According to the Women in Film Korea Festival, the future of film is female
“As independent films broke the traditional stereotype that female-centered narratives cannot be commercially popular [this year], it was proven that there are audiences who regard them as attractive and crave such narratives. What’s more inspiring is that this wave extended to commercial films as well.”
Director Yoon Dan-bi who debuted with the film “Moving On,” made this assessment at an online panel discussion held at the Women in Film Korea 2020 Festival on Dec. 16. Co-hosted by Women in Film Korea and Korean Film Archive, the festival annually looks back on meaningful progress women made in the film industry in the year gone by.
As she’d noted, 2020 was a year in which women in films have shone brighter than ever.
Although the estimated annual number of audience members this year is expected to have plummeted 73.7 percent compared to last year due to the coronavirus pandemic, opportunities for female-centered narratives and female directors increased. Commercial films such as “Samjin Company English Class," about female employees coming together to tackle corruption in the conglomerate they work at, and political comedy “Honest Candidate” in which actor Ra Mi-ran took the lead role, each recorded 1.56 million and 1.53 million tickets sold at local box office and landed at No. 9 and 10 in the ranks of most commercially popular Korean films this year.
Debut films of rookie female directors also found themselves in the spotlight this year. Director Park Ji-wan’s “The Day I Died: Unclosed Case” was praised for the excellent performances of actors Kim Hye-soo and Lee Jung-eun while director Kim Cho-hee’s “Lucky Chan-sil,” which was released in March, was re-released last month and is also scheduled to premier in Japan next month.
Director Yoon Dan-bi’s “Moving On,” which is the tale of three generations of a family told through the eyes of a teenage girl and garnered four prizes at the Busan International Film Festival (BIFF) last year, received Best Screenplay at the Women in Film Korea 2020 Festival. Director Im Sun-ae’s “An Old Lady,” which centers on an elderly woman’s struggle after she was raped by a man in his 20s, and Director Kangyu Ga-ram’s documentary “Itaewon,” based on the lives of women involved in prostitution in the neighborhood of Itaewon, each received Best Director and Best Documentary at the festival. The three recipients participated at the online panel discussion and spoke about why they thought women excelled so much in this challenging year.
Progression in the industry was cited as one of the reasons as well as the creation of an environment in which female-centered films have naturally made their way to the forefront over the past four to five years. Director Yoon Ga-eun’s independent films “The World of Us” (2016) and “The House of Us” (2019), director Kim Bo-ra's "House of Hummingbird” (2019) and director Kim Do-young’s “Kim Ji-young, Born 1982,” which reaped 3.6 million ticket sales last year, are just a few which benefitted from this progression.
“In the past, [I] was afraid to front a female protagonist, but I was able to create ‘Moving On,’ receiving support and huge influence from other directors in my generation," director Yoon Dan-bi said.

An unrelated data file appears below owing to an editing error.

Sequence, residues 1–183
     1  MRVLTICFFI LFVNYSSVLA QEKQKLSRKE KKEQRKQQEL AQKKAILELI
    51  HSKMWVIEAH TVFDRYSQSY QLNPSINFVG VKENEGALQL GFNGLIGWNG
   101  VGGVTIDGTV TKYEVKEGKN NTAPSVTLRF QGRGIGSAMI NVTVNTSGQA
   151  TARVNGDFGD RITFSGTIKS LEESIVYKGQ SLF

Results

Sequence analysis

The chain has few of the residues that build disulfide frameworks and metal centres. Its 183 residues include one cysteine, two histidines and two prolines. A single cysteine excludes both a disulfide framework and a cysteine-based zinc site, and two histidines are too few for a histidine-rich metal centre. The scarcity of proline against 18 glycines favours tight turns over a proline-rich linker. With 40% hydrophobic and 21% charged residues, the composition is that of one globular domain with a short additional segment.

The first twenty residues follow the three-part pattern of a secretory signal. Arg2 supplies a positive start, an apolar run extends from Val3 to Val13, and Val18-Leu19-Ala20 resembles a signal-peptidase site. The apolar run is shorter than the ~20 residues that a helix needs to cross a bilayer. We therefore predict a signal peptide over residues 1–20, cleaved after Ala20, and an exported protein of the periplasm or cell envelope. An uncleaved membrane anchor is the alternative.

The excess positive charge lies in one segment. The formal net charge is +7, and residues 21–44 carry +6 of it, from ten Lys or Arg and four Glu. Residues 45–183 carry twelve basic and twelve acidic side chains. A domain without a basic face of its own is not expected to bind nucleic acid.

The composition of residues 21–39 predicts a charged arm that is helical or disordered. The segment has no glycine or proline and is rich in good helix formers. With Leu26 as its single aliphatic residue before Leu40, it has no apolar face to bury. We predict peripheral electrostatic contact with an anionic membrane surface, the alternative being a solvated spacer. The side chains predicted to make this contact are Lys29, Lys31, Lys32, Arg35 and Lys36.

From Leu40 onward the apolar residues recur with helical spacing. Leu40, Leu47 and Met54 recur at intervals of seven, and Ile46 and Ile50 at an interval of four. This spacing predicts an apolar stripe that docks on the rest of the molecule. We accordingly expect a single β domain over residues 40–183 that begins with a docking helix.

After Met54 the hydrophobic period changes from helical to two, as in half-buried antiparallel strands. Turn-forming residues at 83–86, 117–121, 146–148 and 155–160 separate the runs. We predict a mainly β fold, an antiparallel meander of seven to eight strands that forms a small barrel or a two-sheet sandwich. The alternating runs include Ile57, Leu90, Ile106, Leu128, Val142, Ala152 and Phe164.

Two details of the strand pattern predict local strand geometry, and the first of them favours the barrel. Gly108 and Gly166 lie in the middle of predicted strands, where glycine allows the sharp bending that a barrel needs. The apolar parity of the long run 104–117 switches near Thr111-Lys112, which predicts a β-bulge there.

“I think the number of audience members who can enjoy such narratives increased as feminism became popularized,” director Kang Yu said.
Film critic Cho Hye-young, who was the host of the panel discussion, pointed out that the keyword which highlights this year’s films from female directors is “dignity.”
“Last year and the year before that, the majority of the films were about the growth and development of teens, but the spectrum of topics and age group widened considerably as seen in films such as ‘A Bedsore,’ ‘Lucky Chan-sil,’ ‘A French Woman’ and ‘The Day I Died: Unclosed Case,’ which all feature women in middle age and above,” Cho said. “There were also films such as 'Samjin Company English Class' and 'The Call' which were created by a male director but in which narratives were strongly female-centered and in which female characters made a strong impression.”
A silver lining of the pandemic was many male-centered, big-budget films which used to dominated the box office pushed back their premiers, making room for relatively smaller-scale films to be released and gain attention.
According to an estimated annual report by the Korean Film Council released on Dec. 14, as new releases were reduced, the release and screenings of independent and art films expanded. Unlike the usual rule of thumb in which commercial success of films was decided according to the first week of box office sales, there were instances in which more audience members trickled into cinemas thanks to word-of-mouth.
“However, the top three most popular films this year are ‘The Man Standing Next,’ ‘Deliver Us From Evil’ and ‘Peninsula’ traditionally successful male-centered films,” according to another film critic Heo Nam-woong. “What’s important now is how films which have potential to be successful graft female-centered narratives [into their story].”
The Women in Film Korea 2020 Festival celebrated its 21st year this year, and the Grand Prize went to Seoul Independent Film Festival director Kim Dong-hyun. CEO Park Eun-kyung of the production company The Lamp and art director Bae Jung-yoon behind “Samjin Company English Class” each took the Best Producer and Best Design. Actor Ye Su-jeong received Best Actor for her performance in “An Old Lady,” and the Best Rookie Actor went to actor Kang Mal-geum of “Lucky Chan-sil.”
BY NA WON-JEONG [firstname.lastname@example.org]